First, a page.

In a recent interview for Dezeen, architect, industrial designer and artist, Ron Arad stated that 3D Printing is abused by designers, in much the same way as musicians used synthesizers in the past.
"Synthesisers were abused completely and so is this technology we're talking about" Ron Arad
Now while this statement may have have an element of truth, it is worth exploring the comparison in the context of Ron's position in the design world, and what this concept opens up.
First, let's compare the 3D printer and the synthesizer.
The first analogue synthesizers made it possible for one instrument to make a massive range of sounds. Professional musicians used these expensive synthesizers to emulate existing instruments in a recording studio and on stage, to broaden their palette of available sounds, whilst only needing to know how to play the keyboard, not strings, woodwind, brass, etc. At the same time some more experimental musicians started to experiment with the synthesizers to make sounds that were otherwise impossible, tweaking resonant filters and using effects to make sounds that were unique to the synthesizer.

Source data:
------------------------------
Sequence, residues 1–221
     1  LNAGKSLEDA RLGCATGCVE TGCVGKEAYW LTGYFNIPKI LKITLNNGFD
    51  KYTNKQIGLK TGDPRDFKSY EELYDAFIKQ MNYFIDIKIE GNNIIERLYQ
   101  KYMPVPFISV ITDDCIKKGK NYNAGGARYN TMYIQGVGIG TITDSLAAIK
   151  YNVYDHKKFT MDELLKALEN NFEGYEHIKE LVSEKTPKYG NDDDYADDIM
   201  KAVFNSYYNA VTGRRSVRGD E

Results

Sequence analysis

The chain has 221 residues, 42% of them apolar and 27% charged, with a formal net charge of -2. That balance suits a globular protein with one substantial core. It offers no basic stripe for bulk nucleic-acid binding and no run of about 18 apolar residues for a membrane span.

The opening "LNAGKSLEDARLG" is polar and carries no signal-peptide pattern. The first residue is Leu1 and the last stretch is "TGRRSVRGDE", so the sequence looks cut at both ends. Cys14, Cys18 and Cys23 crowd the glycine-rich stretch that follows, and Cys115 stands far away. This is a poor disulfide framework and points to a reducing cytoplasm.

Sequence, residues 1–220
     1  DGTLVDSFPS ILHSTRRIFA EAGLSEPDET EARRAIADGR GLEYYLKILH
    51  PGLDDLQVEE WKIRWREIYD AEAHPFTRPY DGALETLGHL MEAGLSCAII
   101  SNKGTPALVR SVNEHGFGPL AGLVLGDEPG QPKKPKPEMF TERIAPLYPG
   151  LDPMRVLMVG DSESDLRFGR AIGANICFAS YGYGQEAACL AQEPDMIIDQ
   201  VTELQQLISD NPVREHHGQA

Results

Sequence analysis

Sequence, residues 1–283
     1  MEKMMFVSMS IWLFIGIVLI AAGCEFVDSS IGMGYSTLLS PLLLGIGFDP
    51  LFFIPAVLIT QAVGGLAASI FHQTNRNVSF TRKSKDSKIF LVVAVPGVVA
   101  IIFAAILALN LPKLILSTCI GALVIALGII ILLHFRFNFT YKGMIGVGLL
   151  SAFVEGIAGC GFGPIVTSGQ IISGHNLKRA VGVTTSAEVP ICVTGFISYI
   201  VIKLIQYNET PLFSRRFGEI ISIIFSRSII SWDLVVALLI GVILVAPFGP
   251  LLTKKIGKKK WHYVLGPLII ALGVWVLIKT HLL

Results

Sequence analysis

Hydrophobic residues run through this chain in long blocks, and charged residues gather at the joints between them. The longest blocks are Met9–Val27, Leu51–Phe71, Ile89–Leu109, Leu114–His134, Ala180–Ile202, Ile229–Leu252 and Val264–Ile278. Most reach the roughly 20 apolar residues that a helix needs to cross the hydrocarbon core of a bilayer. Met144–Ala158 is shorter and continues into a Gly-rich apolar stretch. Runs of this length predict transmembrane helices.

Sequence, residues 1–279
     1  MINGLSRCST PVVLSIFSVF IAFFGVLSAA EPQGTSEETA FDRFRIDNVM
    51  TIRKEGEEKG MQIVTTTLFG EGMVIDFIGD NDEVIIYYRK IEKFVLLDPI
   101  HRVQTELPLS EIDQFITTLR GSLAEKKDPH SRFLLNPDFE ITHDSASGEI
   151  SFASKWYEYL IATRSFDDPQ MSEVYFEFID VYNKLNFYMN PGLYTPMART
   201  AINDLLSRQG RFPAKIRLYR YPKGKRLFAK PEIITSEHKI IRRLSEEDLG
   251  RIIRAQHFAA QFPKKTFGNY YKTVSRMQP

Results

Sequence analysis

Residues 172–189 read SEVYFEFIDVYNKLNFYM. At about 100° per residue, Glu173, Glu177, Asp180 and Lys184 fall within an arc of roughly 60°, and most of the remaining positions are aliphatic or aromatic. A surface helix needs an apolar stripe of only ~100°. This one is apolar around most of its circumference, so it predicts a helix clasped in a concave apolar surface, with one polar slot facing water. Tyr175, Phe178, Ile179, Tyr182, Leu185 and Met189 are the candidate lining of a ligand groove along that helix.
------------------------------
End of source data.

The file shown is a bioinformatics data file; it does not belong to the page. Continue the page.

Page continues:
The first 3D Printers (or rapid prototyping machines) made it possible to make a massive range of shapes. Engineers and designers used these expensive 3D printers to emulate products quickly in their studios and workshops, to test parts before manufacturing. For many years this remained the case, the 3D prints were expensive and only used to emulate other materials and processes.
The viral epicenter of the digital world, Reddit, consistently surfaces some of the best products on Shapeways, and many of our favorite Shapies are also active Redditors. Rather serendipitously, The Verge just launched a new series called “Small Empires,” hosted by Alexis Ohanian, co-founder of Reddit, which focuses on New York based startups. We're humbled to be chosen as their fifth Episode and had a total blast giving their crew the full tour of HQ and our factory in Long Island City, NY.